"There's no obligation for us to respond or make a decision," Chuck Cantrell, UTC associate vice chancellor, told WDEF.com last week. "They've asked us to consider it and we're considering it."

"Prayer is going to continue to happen," predicted Jay Fowler, director of the Chattanooga arm of the Fellowship of Christian Athletes. "Many players will continue to pray; people in the stadium will choose to pray. It's just a matter of whether UTC is going to continue."

avatar
This should be the decision by the majority in the school district not the opinion of a few. In college let the student body as a whole vote. Where will all this stop if some do not wish to pray than they should not but do not tell everyone they must not.
avatar
It baffles me that people can't seem to understand this issue. People can pray all they want. But a school (or a coach or an administrator) can not LEAD (nor can it endorse) a prayer. Why is this so hard to understand? And it is not up to the majority to decide on behalf of everyone. The rights of the individual are also protected in our country. Most of us would prefer to make our own (personal) decisions when it comes to when, where and how we pray or don't pray. Rather than have it shoved down our throats by someone else.
avatar
I feel it is up to each person to make that freedom of speech choise. And not for the FFRF to go around telling us what to do, America was founded on Preyer. After George Washinton was sworn into office the entire senete and congress march down the street to St peter chruch in New York and Preyed to GOD to give this country his grace, and vowed we as a nation would countinue to keep God first. Let us as a Nation renew that vow.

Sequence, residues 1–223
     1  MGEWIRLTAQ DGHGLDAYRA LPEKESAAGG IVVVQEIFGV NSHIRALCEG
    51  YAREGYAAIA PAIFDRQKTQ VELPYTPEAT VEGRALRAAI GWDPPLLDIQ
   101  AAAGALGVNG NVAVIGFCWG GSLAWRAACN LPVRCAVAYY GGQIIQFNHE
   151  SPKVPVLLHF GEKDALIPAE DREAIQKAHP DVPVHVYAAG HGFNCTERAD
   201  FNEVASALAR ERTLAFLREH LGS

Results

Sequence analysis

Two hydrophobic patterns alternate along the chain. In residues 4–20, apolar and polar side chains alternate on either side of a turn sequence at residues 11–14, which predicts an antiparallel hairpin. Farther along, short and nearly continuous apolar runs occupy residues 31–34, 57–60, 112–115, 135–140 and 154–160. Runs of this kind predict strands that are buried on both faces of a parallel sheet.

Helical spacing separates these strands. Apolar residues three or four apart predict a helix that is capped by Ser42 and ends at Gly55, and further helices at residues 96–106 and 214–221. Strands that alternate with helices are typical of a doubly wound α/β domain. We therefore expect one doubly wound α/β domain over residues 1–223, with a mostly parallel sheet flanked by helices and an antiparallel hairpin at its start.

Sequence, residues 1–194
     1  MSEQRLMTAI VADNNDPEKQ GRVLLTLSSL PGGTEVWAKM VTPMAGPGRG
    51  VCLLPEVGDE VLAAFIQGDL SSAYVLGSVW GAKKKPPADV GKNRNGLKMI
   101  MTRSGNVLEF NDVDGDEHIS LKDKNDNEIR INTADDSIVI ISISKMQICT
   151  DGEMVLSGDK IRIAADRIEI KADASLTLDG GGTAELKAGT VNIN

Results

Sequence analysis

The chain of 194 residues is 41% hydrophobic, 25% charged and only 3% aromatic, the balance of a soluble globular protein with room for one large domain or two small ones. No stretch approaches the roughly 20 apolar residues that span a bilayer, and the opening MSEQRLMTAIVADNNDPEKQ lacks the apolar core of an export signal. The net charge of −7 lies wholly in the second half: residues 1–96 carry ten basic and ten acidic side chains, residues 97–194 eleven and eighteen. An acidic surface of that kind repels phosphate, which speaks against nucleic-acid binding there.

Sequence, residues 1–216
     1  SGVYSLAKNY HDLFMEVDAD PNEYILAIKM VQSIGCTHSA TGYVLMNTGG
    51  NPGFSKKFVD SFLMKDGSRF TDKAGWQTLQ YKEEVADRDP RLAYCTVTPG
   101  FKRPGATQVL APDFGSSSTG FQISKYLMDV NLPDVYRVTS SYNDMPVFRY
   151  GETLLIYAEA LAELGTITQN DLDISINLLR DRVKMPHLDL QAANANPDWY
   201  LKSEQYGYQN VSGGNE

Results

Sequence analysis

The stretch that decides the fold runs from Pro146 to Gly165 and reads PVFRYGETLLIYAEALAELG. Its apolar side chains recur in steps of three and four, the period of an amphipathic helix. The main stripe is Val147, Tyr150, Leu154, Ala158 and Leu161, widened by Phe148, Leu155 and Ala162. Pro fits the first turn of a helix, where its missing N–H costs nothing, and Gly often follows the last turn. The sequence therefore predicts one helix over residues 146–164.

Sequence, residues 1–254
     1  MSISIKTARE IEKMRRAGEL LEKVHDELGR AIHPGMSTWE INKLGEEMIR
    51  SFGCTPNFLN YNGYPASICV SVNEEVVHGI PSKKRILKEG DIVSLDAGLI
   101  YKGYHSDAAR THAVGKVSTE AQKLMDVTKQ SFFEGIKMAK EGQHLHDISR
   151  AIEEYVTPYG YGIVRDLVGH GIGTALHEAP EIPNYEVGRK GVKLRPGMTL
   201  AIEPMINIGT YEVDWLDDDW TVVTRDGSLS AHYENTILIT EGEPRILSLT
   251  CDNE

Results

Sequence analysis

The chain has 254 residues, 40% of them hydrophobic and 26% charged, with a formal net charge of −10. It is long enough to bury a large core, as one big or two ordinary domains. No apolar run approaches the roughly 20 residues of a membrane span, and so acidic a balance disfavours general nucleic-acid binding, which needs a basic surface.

avatar
And by the way--the Supreme Court has been pretty definitive in it's rulings on this issue. However, some people seem intent on fostering their own agenda by continuing to try to circumvent the law.
avatar
Jeff, which God should we keep first? Yours?
avatar
I disagree with the assertion that religion is being 'shoved down anyone's throat' in these scenarios. An individual or group honoring their god in my presence in a public place, individually or collectively, with or without involvement of the lowest levels of local government, does not to me constitute a threat to my personal beliefs or rights. It certainly doesn't equate to being 'shoved down my throat.' Tolerance!
avatar
rereading the article, I might agree that a school function that causes a student to feel 'pressured' to attend the Christian football camp may be over the line. In general though, while yes individual freedoms must be protected, I get frustrated that in many situations, the issue gets blown out of proportion.
avatar
How about this? We allow prayer at these events. But there has to be a prayer for each and EVERY religion currently being practiced around the world. Then we could all show our tolerance for everyone's views and beliefs.
avatar
Amen Mr Bishop.

Would playing time be taken away if the student didn't participate in prayer with the group. It certainly has happened, so rightfully even if the majority wants something it doesn't mean the minority must give up it's beliefs(or rights) to be involved in the group. For a religious and or private school...set your own rules, but not public schools.
avatar
'Congress shall make no law respecting an establichment of religion, or prohibit the free exercise thereof.'

Where did this come from? The Constitution, the supreme law of the land.

I do not read anything about schools or coaches being prohibited from leading prayer but to the contrary, see where their free exercise is protected in the Constitution.